December 28, 2009

Post-festive


The week between Christmas and New Year feels like a hiatus. Business as usual is touched with an air of suspension.

I went to the local beach with a couple of neighbors, to the bistro for a beer. A musical duo was doing covers of Earth Wind & Fire, Jimmy Buffet, The Drifters, Sunday-afternoon-at-the-beach fare. It was crowded and content, post festive, filled with buff young dads, going just a tad soft... in other words in their prime. Fit young mothers, the most beautiful women in the world. Gangly children, abstract and tanned. "Children are Egyptian," artist Andrew Wyeth once said of their austerity, not at all like Renoir's sugary confections. A couple of boomers were dancing.


Ruth told a story about persuading her son to be a medic in Vietnam to keep him safe from mortal combat. In his first month there, his company was ambushed and a Vietcong insurgent broke Alec's rifle over his femur, breaking that too, bit him on his shoulder, and made off with all the penicillin and morphine. He returned home, albeit in two pieces, but alive. Safety, in war, is relative. Her grandson was in Afghanistan for Christmas. We lamented the intransigence of war in human history, and the principal of scarcity that motivates it. I remembered watching a bunch of gulls on the shore. The big alpha male seemed relegated to spend every moment of its privileged existence, between preening, defending its ascendancy, fending off the feints of lesser gulls, who took turns making incursions at his territory, at their leisure, between socializing with one another. What’s so great about being a superpower? I wondered.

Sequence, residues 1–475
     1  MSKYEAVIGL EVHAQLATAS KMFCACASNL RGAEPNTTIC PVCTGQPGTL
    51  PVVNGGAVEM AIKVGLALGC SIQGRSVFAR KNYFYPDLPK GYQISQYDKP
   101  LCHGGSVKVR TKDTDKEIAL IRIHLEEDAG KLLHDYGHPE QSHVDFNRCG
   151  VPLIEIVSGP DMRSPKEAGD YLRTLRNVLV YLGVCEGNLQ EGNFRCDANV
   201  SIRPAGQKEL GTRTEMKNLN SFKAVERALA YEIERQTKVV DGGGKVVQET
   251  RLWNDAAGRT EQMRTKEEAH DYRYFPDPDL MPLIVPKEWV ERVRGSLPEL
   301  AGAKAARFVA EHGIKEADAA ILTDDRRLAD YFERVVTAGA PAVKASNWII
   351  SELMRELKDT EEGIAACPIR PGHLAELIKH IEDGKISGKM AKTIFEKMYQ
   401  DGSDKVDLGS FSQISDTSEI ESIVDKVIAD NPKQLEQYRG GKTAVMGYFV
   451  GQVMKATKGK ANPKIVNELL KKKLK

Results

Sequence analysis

The conversation lightened and became general. I watched an alpha dad waiting in line for drinks and a tray of assorted fries for his brood. He was wearing fabulous alpha dad sunglasses, framed in sporty basketball jersey yellow. But he was waiting in line like everybody else. The only feint in his direction came from the counter girl, who leaned forward to take his order, showing her fabulous cleavage. He returned, laden with batter-fried bounty and frosty drinks, to a table of smiling faces and excited kids. "Now December found the love..." sang Not Earth Wind & Fire "...that we shared in September. Only blue talk and love, remember the true love we share today..."





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